Clubland Carouses East—Is It Chinatown?

ALTHOUGH THERE ARE PLENTY OF reasons for moving a scene from one neighborhood to another, the current club haven of West Chelsea has fallen victim to a flurry of crime and bad publicity over the past year, enough to give any club owner reservations about staying.

“I find that a lot of people are fed up with the oppressive police presence,” club owner David Sarner said. “And out of frustration they are looking to move downtown.”

The man largely credited with inventing the bottle service format also listed closed streets and a lack of late-night cabs as reasons for the transition, but he noted that escalating rents are also pushing people out.

“You used to be able to pick up space at $20 or $30 a foot,” he said. “Now you see places going for two and three times that.”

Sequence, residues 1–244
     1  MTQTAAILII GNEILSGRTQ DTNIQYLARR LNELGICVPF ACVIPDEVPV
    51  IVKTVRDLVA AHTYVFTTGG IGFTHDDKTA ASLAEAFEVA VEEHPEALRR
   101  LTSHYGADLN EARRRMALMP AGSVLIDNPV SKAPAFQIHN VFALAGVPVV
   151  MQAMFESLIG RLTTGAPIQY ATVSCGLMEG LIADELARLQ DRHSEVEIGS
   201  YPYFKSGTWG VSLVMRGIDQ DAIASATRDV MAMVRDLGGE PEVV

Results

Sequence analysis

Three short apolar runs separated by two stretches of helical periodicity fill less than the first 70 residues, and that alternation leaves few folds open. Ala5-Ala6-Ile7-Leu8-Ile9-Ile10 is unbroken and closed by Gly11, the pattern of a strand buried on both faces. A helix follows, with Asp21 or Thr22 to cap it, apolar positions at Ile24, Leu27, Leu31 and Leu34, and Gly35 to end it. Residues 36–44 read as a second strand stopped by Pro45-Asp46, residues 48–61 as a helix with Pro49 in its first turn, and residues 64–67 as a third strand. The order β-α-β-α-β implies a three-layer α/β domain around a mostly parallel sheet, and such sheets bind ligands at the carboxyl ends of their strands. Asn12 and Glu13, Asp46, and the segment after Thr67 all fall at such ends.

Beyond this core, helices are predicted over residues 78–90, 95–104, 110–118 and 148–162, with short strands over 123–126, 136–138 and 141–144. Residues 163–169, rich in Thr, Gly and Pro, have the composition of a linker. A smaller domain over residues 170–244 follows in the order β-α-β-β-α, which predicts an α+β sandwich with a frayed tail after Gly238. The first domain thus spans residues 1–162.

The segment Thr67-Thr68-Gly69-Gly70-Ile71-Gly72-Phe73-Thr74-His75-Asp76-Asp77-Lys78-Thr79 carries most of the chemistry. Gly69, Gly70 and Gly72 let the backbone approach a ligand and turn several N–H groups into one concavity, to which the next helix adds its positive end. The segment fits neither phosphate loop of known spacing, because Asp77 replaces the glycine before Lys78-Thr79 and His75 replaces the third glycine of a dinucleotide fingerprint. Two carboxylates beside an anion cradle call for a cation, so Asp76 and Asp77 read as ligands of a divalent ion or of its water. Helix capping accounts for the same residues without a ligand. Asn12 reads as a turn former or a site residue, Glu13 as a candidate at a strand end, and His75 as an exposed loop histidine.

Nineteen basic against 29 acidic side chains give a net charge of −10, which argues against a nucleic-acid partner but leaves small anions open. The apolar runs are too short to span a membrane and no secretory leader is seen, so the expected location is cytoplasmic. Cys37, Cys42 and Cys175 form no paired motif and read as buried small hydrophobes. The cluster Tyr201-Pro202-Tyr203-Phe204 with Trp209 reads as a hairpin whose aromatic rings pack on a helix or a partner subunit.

Alex Picken echoed these thoughts.

“On 27th Street, you’re looking at more like $60 a square foot these days,” he said. “Not only are people getting a deal downtown, but they are finding that the community boards are not as tough yet as they are in Chelsea.”

James Famularo, a broker who has represented a number of nightlife spots over the years, says that while the move is happening, he believes it is limited to those that can make a hefty profit off a small group.

“There are two types of operators,” Mr. Famularo said. “You have the guys that operate by the thousands and then you have Amy Sacco, Jamie Mulholland and Danny A, who have a total gross of 200 people and they are fine with that because the folks will spend thousands. These are the people who want to move downtown.”

However, the uber-exclusive admittance policy for which many Chelsea clubs have become famous may not fly with the downtown set. Will gaining entrance at these new establishments be any easier than at their uptown siblings?

“Our door policy is tough, but we are working every week at developing a better demeanor,” Mr. McKinley said. “You may not always get in, but at least we are not terrible jerks at the door.”